Sales and discounts can also be misleading and counter-productive; one is tempted to take advantage of the marked-down prices, and end up buying more than one usually does. Unfortunately, unless one remains vigilant, the little figures add up and can spiral out of control.
“I was in Kolkata for exactly 30 something hours, half of which was spent inside office buildings. Yet I managed to go touch down most of my favourite shopping haunts; Rangoli, Westside, Forum Mall, Newmarket, Oxford Book Store and of course Dakhinapan, and that too in just seven and a half hours.
“I spent a little less than a thousand dollars, but somehow was feeling that if only I had a few more hours I could have done better. You can very well understand what a lost case I am; it's the euphoria, the adrenaline rush that I dig so much,” explains this lost soul, who goes wild and loses sanity everywhere from an unknown village haat to Saks Fifth Avenue.
While spending sprees can make great fodder for fluffy chick-lit, the results can sometimes be disastrous, as the following anecdote from an anonymous author illustrates:
“Back in 2005, I was going through tempestuous times. I recovered from a near fatal experience leading to a coma and my fiancé had broken up with me, even before I stepped out of the hospital.
Returning to the house, I faced utter boredom. My movements were restricted and so was my enthusiasm to reach out and mingle with friends.
So I shopped. All day and all night I browsed the Internet and bid online. I had previous liaisons with some of the most established auction houses in the world, Christie's, Spink, David Feldman and Harmers from where I used to buy collectibles. Having previously conducted a few sound transactions, these houses were kind enough to give me credit, some to an astonishing figure.
As you might have guessed already, my family didn't know about this but found out as soon as the reminders for payment kept coming in the letterbox. In a span of three months, I made purchases well over 40 thousand dollars.
These bids were made to make me feel better, I hoped that I would be able to pay up but hope does not go anywhere near 40 thousand.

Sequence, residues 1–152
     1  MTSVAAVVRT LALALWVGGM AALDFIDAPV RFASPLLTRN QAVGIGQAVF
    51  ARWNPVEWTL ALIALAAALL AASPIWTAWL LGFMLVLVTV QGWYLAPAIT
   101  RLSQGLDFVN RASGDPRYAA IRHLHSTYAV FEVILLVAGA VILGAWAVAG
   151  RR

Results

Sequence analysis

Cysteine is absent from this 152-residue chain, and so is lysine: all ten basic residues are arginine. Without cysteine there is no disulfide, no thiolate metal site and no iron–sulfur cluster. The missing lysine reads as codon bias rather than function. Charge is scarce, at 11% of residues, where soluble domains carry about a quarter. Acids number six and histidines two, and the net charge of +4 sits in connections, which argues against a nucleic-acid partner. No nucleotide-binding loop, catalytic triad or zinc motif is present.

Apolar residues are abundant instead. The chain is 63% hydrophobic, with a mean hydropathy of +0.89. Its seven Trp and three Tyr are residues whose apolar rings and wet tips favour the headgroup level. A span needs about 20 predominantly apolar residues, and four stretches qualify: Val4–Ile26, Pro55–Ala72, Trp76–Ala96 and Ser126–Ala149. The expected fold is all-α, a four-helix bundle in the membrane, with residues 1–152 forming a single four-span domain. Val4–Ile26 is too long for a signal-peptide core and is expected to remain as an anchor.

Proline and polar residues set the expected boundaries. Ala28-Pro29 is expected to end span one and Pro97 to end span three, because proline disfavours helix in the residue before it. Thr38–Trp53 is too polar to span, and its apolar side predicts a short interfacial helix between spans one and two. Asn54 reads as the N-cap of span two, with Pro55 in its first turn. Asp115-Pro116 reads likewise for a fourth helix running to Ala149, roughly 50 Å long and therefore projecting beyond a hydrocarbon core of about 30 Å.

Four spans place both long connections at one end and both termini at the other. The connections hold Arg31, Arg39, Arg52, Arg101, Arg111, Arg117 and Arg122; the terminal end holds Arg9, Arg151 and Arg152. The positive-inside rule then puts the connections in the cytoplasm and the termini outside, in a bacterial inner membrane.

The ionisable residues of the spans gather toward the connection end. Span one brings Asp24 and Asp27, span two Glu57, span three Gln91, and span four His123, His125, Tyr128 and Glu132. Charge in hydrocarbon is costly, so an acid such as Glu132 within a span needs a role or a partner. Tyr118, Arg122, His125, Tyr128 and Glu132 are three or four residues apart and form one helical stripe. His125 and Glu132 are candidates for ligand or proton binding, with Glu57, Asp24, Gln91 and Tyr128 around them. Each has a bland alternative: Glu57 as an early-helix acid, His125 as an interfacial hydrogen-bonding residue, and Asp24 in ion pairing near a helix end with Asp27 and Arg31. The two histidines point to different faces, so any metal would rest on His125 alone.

In my defence, I could claim only insanity. I was in a very confused state, a blurry haze where all this happened so quickly. I wrote a letter to all the auction houses, placing my case, not hiding anything from them. Then all were exceptionally cordial. They pressed no charges, which they could have; did not file complaints in any of the societies I am a member of. They just let me go.
My foreign friends no longer accept my bids. I am now completely cut of from that field that once fascinated me so much. Makes me feel sad at times, but for such a crime that I had committed, I was allowed to go scot-free.”
The scare stories above are not meant to put you off shopping, especially if you love it. The thrill of spotting that perfect purse amongst an array of delectable offerings, the nervy anticipation with which one turns over the price tag to discover that lo and behold! the item is within one's means, the sheer pleasure of walking home with a shiny new purchase...all these provide a heady high, and you need not deprive yourself of it. The economy thrives on consumerism, after all.
The secret lies in moderation; instead of going overboard, tot up a budget and stick to it. Watch your purchases carefully, and keep account of the 'impulse' buys, and you're on your way to shopping responsibly. All it takes is a little discipline, and you can have all the fun of shopping, minus the headaches.
By Sabrina F Ahmad
Model: Esha and Tatum
Photo: Sazzad Ibne Sayed
Special thanks to Mayasir for allowing us to do the photo shoot.